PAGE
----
15 Dog Stroke Symptoms Every Owner Should Know

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Recognizing the symptoms of a stroke in your dog can be crucial for their well-being. While less common than in humans, sudden loss of brain function can also occur in dogs and often require immediate veterinary attention. Here, we share 15 signs to watch for that could indicate your furry friend is experiencing a stroke. Note that if you observe such symptoms, it’s essential to seek veterinary care without delay.

Sudden Loss of Balance

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One of the most noticeable signs of a stroke in dogs is an abrupt loss of balance or coordination. You might notice your dog stumbling, swaying, or having difficulty walking in a straight line. 

Abnormal Eye Movements

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Watch for unusual eye movements in your dog, such as rapid or involuntary twitching, darting, or an inability to focus. These abnormal eye movements can indicate neurological issues, including a potential stroke.

Head Tilt

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A sudden and persistent head tilt in your dog, especially if it’s accompanied by other symptoms like loss of balance or disorientation, could be a sign of a stroke. While head tilting can sometimes be harmless, when it occurs abruptly and is accompanied by other concerning signs, it warrants immediate attention from a veterinarian.

Severe Disorientation


If your dog appears unusually disoriented, confused, or unaware of their surroundings, it could be a red flag for a stroke. You might notice them wandering, seeming lost, or unable to recognize familiar people or places. Any abrupt shifts in mental awareness should be taken seriously and evaluated by a veterinarian.

Sudden Collapse

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An unexpected collapse or loss of consciousness in your dog is a severe symptom that requires immediate medical attention. While there can be various causes for collapse, including cardiac issues or seizures, a stroke is one possibility to consider.

Weakness or Paralysis

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If your dog experiences weakness or paralysis in one or more limbs, it could be a sign of a stroke. This can be seen as difficulty standing, walking, or even a complete inability to move certain body parts.

Facial Drooping


Just like in humans, facial drooping can be a symptom of a stroke in dogs. If you notice one side of your dog’s face drooping or appearing asymmetric compared to the other, it could indicate neurological impairment. 

Changes in Behavior

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Beware of surprising changes in your dog’s behavior, such as uncharacteristic aggression, agitation, or withdrawal. Neurological problems, including stroke, can sometimes manifest as unusual behavior and shouldn’t be ignored.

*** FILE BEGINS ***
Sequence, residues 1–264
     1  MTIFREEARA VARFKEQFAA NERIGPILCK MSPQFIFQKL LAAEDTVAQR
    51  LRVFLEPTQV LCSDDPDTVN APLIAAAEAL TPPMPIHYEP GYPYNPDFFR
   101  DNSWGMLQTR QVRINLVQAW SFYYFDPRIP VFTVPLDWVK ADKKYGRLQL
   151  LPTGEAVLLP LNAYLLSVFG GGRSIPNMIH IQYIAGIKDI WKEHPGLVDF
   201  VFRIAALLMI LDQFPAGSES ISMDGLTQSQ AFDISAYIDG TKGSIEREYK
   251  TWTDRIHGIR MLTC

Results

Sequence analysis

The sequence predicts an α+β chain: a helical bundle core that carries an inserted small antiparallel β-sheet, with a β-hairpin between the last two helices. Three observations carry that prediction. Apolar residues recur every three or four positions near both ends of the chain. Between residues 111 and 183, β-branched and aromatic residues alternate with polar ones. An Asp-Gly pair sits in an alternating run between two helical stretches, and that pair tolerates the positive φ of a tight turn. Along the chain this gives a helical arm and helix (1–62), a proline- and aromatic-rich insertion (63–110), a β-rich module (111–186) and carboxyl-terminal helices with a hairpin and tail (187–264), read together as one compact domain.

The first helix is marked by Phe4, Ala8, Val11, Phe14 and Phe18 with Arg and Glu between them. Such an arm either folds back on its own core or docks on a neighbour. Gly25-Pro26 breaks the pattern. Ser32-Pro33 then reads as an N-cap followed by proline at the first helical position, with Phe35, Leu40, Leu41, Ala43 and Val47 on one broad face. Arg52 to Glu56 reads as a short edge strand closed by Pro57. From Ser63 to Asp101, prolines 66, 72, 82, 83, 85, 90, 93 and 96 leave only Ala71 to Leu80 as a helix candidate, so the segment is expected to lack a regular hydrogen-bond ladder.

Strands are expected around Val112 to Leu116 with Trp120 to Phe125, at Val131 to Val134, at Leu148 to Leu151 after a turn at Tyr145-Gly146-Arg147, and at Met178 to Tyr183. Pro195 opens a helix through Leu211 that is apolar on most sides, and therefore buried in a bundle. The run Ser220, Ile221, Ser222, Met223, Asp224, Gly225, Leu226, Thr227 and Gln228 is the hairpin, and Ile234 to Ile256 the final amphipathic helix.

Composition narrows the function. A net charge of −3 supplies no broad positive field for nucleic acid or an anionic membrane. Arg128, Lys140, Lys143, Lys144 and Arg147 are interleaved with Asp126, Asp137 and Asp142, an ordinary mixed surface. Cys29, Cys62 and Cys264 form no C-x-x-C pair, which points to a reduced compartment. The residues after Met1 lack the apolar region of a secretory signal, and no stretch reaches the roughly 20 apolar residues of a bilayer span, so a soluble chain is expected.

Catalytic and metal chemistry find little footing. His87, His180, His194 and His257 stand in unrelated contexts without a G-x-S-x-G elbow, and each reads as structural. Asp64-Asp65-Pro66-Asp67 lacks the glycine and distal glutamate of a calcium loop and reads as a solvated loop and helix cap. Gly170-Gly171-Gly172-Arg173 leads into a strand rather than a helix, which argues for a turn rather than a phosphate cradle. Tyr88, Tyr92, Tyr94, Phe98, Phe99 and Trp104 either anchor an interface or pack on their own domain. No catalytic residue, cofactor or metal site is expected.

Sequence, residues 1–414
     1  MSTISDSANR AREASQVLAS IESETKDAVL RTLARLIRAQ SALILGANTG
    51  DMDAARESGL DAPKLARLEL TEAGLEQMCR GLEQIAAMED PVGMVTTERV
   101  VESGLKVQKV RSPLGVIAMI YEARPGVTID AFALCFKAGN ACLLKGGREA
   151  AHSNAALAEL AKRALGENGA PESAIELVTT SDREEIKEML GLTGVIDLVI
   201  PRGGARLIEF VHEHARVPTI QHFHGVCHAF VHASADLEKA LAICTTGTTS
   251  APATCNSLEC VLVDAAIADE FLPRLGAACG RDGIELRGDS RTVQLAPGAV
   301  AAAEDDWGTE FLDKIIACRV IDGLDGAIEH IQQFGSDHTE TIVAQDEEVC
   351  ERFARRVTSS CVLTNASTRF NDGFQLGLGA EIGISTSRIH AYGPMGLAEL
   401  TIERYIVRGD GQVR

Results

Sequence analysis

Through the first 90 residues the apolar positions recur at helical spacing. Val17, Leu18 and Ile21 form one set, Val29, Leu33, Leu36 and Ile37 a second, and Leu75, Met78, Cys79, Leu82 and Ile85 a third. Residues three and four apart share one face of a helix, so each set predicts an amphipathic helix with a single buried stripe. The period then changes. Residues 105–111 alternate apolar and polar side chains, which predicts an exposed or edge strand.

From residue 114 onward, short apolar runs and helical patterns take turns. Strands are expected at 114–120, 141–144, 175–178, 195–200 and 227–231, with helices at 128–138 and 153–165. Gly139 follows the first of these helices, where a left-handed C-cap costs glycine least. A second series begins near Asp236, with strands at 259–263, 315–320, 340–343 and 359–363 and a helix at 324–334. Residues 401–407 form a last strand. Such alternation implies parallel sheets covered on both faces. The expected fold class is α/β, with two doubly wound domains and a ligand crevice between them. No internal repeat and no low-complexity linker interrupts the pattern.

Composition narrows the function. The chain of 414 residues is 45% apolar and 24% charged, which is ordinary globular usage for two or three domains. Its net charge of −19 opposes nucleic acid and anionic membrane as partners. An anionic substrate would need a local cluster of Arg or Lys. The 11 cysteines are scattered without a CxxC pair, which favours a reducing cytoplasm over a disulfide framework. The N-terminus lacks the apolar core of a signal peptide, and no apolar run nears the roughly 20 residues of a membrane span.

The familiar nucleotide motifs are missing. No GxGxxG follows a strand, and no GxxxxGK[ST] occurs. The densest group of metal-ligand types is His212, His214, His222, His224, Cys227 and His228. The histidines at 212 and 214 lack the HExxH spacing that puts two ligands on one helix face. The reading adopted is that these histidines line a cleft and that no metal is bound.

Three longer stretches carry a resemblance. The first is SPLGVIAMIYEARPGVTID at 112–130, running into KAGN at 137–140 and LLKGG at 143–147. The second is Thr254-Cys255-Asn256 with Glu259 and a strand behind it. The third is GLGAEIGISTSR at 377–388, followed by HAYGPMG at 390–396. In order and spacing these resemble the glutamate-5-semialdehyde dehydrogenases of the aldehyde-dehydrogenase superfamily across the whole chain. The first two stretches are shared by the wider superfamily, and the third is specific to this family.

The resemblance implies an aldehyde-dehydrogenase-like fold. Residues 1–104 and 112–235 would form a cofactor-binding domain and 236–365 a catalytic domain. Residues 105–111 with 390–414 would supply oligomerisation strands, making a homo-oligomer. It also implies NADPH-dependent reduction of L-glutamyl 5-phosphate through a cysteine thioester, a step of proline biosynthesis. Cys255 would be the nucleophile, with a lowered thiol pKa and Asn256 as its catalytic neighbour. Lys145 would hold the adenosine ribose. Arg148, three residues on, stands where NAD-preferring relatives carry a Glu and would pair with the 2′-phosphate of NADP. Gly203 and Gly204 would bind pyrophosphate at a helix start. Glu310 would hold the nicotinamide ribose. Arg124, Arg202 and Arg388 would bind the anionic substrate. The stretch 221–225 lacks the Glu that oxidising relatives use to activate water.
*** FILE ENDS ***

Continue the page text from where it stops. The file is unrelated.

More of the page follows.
Difficulty Eating or Drinking

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A stroke can affect a dog’s ability to eat or drink normally, leading to changes in appetite or difficulty swallowing. You might notice your dog struggling to chew food, drooling excessively, or refusing to eat. Any significant changes in eating or drinking habits should be discussed with a veterinarian.

Vocalization Changes


Pay attention to changes in your dog’s vocalizations, such as unusual barking, whimpering, or vocalizing in pain. While these changes can result from various health issues, they can also indicate neurological distress, such as a stroke.

Loss of Bladder or Bowel Control


When a previously housetrained dog loses bladder or bowel control, it should be taken as a concerning sign. While various causes of incontinence can occur, including urinary tract infections or spinal issues, it can also result from neurological impairment due to a stroke.

Changes in Breathing Patterns


Observe your dog’s breathing patterns for sudden changes, such as rapid or difficult breathing, panting excessively, or struggling to catch breath. These respiratory changes can sometimes accompany neurological issues like a stroke and should be evaluated by a veterinarian right away. Difficulty breathing can indicate a severe medical emergency that requires immediate attention.

Loss of Consciousness


If your dog loses consciousness or appears unresponsive, it’s a critical sign that requires urgent veterinary care. Loss of consciousness can occur suddenly and may be accompanied by other symptoms such as collapse or seizure activity. Time is of the essence in such cases, so seek veterinary assistance instantly.

Persistent Head Pressing

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Head pressing, where a dog compulsively presses their head against objects or walls, can be a concerning sign of neurological distress. There are many causes of this, including toxins or brain tumors, but it can also be a sign that a stroke has occurred. 

Unusual Pupil Size or Reaction


Check your dog’s pupils for any abnormalities in size, shape, or reaction to light. Unequal pupil size or a lack of response to light in one or both eyes can indicate neurological dysfunction, which a stroke could cause. 


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